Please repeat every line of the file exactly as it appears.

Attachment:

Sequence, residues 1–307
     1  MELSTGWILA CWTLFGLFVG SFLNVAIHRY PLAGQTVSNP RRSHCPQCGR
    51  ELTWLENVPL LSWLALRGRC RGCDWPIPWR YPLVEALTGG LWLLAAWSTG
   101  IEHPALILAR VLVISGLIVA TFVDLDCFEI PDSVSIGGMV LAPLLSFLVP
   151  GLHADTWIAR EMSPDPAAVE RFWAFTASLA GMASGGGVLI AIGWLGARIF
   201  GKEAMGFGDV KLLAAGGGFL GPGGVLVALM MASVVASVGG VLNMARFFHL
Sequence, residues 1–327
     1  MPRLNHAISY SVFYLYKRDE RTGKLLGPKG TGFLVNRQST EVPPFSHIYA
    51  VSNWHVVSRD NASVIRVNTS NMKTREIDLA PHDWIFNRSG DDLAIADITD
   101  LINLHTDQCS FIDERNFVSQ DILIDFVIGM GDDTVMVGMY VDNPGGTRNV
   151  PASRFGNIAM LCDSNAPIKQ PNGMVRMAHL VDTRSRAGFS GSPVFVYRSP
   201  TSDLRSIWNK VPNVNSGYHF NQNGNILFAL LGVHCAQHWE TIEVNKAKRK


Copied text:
Sequence, residues 1–307
     1  MELSTGWILA CWTLFGLFVG SFLNVAIHRY PLAGQTVSNP RRSHCPQCGR
    51  ELTWLENVPL LSWLALRGRC RGCDWPIPWR YPLVEALTGG LWLLAAWSTG
   101  IEHPALILAR VLVISGLIVA TFVDLDCFEI PDSVSIGGMV LAPLLSFLVP
   151  GLHADTWIAR EMSPDPAAVE RFWAFTASLA GMASGGGVLI AIGWLGARIF
   201  GKEAMGFGDV KLLAAGGGFL GPGGVLVALM MASVVASVGG VLNMARFFHL
Sequence, residues 1–327
     1  MPRLNHAISY SVFYLYKRDE RTGKLLGPKG TGFLVNRQST EVPPFSHIYA
    51  VSNWHVVSRD NASVIRVNTS NMKTREIDLA PHDWIFNRSG DDLAIADITD
   101  LINLHTDQCS FIDERNFVSQ DILIDFVIGM GDDTVMVGMY VDNPGGTRNV
   151  PASRFGNIAM LCDSNAPIKQ PNGMVRMAHL VDTRSRAGFS GSPVFVYRSP
   201  TSDLRSIWNK VPNVNSGYHF NQNGNILFAL LGVHCAQHWE TIEVNKAKRK